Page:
“I invented jazz” is how Jelly Roll Morton often introduced himself. And the fact is he was probably right. That is, jazz as we’ve come to know it today. Jazz was a hybrid of musical influences from the rhythms of Africa brought into New Orleans by slaves to the refinement of that natural sound by early 19th century classically trained black composers like Edmund Dede. Jazz was a collection of musical idioms that began at the turn of the century to find a dance groove via the early sounds of Buddy Bolden.

Don Marquis, curator of the Louisiana Museum Jazz Collection and a leading authority on the evolution of jazz and the music of Buddy Bolden, believes that Bolden was the first musician to add improvisation and a freewheeling spirit to what would eventually become danceable music. That danceable music captured the earlier spirit of the slaves of Congo Square and later the music that emerged from Black Storyville and Jazz Alley around Liberty and Perdido Streets. Clearly Bolden was a musical innovator and was able to project the evolving music of the time. He was a first-rate musician and a major influence on jazz.

“But Jelly Roll Morton,” writes noted music scholar Eileen Southern in The Music of Black Americans, “is regarded as the first true jazz composer. He was the first to write down his jazz arrangements in musical notation, and he was the originator of a large number of the musical compositions that became staples in the jazz repertory.” Morton’s claim to having invented jazz, according to most jazz historians has tremendous merit.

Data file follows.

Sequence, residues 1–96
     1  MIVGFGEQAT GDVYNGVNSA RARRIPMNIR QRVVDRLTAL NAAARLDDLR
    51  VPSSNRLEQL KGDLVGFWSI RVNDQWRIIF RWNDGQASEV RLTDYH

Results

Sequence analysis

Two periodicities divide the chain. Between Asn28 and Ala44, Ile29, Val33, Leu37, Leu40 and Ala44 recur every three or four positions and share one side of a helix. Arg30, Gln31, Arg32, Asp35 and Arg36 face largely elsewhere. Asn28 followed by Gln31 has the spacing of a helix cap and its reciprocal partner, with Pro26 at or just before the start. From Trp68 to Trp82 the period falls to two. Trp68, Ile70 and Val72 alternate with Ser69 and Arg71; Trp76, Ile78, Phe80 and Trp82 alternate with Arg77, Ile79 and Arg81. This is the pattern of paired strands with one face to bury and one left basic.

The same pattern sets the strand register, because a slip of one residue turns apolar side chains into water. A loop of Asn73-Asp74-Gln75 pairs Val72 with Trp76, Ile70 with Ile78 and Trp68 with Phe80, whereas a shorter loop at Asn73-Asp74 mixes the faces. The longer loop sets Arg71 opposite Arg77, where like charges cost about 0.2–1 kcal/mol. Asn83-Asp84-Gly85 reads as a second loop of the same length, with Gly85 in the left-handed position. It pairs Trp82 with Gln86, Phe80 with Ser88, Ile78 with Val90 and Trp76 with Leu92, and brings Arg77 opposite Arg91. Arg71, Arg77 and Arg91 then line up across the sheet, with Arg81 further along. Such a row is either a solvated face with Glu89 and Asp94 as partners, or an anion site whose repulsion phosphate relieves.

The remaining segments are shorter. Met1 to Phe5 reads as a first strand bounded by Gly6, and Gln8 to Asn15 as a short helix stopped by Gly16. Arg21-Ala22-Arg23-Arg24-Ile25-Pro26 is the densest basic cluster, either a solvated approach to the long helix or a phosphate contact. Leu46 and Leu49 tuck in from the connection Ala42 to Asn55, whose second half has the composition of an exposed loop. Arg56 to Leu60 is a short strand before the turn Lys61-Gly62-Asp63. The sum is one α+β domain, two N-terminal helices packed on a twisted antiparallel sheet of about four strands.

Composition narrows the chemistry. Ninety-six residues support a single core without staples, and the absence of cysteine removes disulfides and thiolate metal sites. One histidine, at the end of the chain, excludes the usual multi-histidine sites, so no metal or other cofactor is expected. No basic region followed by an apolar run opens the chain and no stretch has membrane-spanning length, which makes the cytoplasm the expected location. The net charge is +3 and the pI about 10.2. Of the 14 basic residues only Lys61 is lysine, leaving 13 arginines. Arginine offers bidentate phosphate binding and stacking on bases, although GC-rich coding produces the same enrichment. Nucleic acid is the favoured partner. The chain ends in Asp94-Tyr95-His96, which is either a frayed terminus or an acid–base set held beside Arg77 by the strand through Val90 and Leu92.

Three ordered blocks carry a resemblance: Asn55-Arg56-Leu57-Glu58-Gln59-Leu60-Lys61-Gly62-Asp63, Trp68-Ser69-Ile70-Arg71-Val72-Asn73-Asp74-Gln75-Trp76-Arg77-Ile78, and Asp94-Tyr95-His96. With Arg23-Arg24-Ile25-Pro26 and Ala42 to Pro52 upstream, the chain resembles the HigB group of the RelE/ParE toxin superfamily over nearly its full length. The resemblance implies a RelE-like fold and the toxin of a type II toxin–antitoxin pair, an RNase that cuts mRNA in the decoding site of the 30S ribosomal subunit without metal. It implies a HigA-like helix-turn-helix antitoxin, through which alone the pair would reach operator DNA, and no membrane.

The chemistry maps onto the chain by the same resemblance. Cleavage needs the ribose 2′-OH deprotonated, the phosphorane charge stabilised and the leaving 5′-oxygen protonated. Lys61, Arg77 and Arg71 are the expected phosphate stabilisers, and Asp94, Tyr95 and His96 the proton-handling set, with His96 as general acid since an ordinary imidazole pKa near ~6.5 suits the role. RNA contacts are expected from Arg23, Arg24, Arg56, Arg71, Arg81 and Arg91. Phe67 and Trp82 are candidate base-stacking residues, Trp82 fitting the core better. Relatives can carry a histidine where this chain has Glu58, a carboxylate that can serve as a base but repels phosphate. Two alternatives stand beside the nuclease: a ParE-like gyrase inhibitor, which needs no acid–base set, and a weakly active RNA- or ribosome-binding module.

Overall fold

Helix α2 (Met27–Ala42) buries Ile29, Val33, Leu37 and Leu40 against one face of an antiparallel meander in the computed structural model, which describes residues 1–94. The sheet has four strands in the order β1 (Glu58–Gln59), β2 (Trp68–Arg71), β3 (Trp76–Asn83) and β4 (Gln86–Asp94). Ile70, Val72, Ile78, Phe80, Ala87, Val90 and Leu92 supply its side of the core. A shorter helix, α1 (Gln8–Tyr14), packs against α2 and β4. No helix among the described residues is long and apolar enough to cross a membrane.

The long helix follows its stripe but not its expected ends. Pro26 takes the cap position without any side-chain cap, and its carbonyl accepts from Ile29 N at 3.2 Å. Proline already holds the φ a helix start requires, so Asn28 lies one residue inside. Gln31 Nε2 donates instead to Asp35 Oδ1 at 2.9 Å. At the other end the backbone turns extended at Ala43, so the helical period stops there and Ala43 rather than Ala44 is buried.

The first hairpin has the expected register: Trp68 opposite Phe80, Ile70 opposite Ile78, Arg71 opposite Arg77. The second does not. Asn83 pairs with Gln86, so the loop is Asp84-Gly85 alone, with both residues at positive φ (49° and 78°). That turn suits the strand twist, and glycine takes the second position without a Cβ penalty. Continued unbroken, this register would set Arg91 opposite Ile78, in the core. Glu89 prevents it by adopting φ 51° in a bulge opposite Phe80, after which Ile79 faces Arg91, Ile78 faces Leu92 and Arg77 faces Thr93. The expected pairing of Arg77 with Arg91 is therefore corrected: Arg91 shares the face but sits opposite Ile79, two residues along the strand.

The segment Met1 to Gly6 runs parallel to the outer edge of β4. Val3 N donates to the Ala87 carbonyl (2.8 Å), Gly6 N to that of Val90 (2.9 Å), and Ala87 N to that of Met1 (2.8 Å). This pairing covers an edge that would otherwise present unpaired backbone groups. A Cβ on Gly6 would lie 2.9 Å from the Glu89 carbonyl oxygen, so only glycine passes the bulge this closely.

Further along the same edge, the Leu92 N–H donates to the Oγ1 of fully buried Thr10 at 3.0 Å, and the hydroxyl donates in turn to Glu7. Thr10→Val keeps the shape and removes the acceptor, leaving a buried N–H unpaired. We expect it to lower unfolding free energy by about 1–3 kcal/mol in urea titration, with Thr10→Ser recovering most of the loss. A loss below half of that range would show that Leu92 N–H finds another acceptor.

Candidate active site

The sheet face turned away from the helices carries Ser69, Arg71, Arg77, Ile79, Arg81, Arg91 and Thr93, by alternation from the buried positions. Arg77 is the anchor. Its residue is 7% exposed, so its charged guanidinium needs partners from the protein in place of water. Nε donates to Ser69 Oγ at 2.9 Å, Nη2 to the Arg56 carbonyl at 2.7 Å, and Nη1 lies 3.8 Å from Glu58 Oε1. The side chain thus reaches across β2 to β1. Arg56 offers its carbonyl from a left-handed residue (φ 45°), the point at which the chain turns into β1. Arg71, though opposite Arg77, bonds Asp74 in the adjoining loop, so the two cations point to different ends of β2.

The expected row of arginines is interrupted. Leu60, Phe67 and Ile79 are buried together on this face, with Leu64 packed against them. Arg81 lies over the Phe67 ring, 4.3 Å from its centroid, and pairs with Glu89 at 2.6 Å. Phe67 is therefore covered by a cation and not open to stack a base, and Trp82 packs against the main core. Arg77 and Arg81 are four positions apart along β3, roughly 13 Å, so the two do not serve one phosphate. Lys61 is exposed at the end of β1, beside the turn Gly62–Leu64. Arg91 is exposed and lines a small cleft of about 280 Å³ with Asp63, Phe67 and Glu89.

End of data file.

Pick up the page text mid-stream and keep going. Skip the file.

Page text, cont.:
“Jelly Roll Morton,” states Eddie Edwards, Executive Director of the Louis Armstrong Foundation in New Orleans, “was first and foremost, a musician. He had the respect of other musicians. Jazz players like Kid Ory and Barney Bigard, two giants in the evolution of jazz would rush to work with Jelly, that’s the type of respect he held.”

New Orleans native Ferdinand Joseph Le Menthe, enshrined in jazz folklore as Jelly Roll Morton, was born in 1885 to a middle class Creole family on Frenchmen Street at the corner of Robertson. The house remains intact and stands today. Details about Jelly’s early life are somewhat sketchy. What’s clear however, is that at about the age of 8, Ferdinand received some basic but important formal guitar music lessons. Some historians have suggested that young Ferdinand did not take these initial lessons very seriously. However, the fact that a relatively short time later, he was playing piano in the ‘Sporting Houses’ of Storyville suggests otherwise.

By the time he was in his early twenties, according to Martin Williams in his book, Jazz Masters of New Orleans, Jelly was traveling throughout Louisiana, Memphis and the entire Gulf Coast as a somewhat in-demand musician.